In some cases, we can add the Charleston concept of ipsilateral (one-side) high configuration to the Boston concept of contralateral (other side) cut away, because the steel supports allow it.
The brace is created on top of a plaster likeness of the patient's body, cast while the patient was manipulated as straight as tolerated. The plaster model is then further altered to increase correction, using judgment of the patient's tolerance. No trim or cutaway from the plaster figurine is allowed without adding a compensatory relief zone, ensuring that the resultant brace will retain the full volume of the patient's body. Once the major brace form is made, it is reinforced with steel to allow for large cut outs. Pads are then added, some of which are attached to plastic, some to steel outriggers. These will be used to increase correction over time beyond that which was obtainable at the casting.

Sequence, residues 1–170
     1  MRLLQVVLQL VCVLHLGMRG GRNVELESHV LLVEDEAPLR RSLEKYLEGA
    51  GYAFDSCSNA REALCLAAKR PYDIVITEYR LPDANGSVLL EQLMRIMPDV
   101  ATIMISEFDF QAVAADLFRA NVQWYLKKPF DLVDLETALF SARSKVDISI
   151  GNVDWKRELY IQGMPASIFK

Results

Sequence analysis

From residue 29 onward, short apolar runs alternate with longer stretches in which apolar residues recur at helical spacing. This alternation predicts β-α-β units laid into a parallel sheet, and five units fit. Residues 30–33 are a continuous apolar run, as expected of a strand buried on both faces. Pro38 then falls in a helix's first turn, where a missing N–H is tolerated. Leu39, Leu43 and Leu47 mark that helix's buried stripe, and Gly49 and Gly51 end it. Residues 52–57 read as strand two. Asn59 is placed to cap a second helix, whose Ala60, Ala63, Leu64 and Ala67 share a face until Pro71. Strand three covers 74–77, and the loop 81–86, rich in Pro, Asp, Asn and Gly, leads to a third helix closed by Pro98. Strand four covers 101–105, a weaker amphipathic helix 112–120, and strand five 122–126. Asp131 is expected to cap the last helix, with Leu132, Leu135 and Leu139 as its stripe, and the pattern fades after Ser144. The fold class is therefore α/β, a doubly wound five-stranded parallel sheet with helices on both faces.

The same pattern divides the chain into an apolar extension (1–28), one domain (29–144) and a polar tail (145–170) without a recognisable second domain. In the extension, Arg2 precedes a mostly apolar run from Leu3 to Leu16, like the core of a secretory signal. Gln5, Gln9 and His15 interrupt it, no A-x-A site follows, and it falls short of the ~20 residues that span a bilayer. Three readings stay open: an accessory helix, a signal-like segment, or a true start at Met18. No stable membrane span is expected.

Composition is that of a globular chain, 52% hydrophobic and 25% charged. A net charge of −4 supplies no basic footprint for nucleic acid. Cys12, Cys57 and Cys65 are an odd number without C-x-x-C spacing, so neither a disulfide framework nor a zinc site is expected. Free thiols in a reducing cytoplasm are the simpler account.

Note in the picture above the semicircular steel which supports a floating derotation pad
. These braces are hard to make and difficult to sustain with growth. They are justified by the complex and troubled nature of the population who wears them; we have
frequently used them successfully after standard bracing has failed and surgery was the only other remaining option.
If even this is not tolerated, and surgery is looming but deemed ill timed, then in the
face of progression, tricks to reduce the force that need be applied by the brace are called upon. One such trick is paraspinal botulinum toxin counterparalysis. It is
most useful in spasticity. It does not eliminate braces but just makes bracing easier in those selected cases.
Treatment - Spinal Fusion:
1) Scoliosis that progresses
despite brace wearing in a growing youth.
SURGERY: FRONT OR BACK
Above, in the upper left inset, we see a cross section of a single vertebra. The pointy upward process is the "spinous process". That is the bump you feel in the center of your back. One for each vertebra. You can see a roof over the spinal canal. The spinous process is the peak of that roof.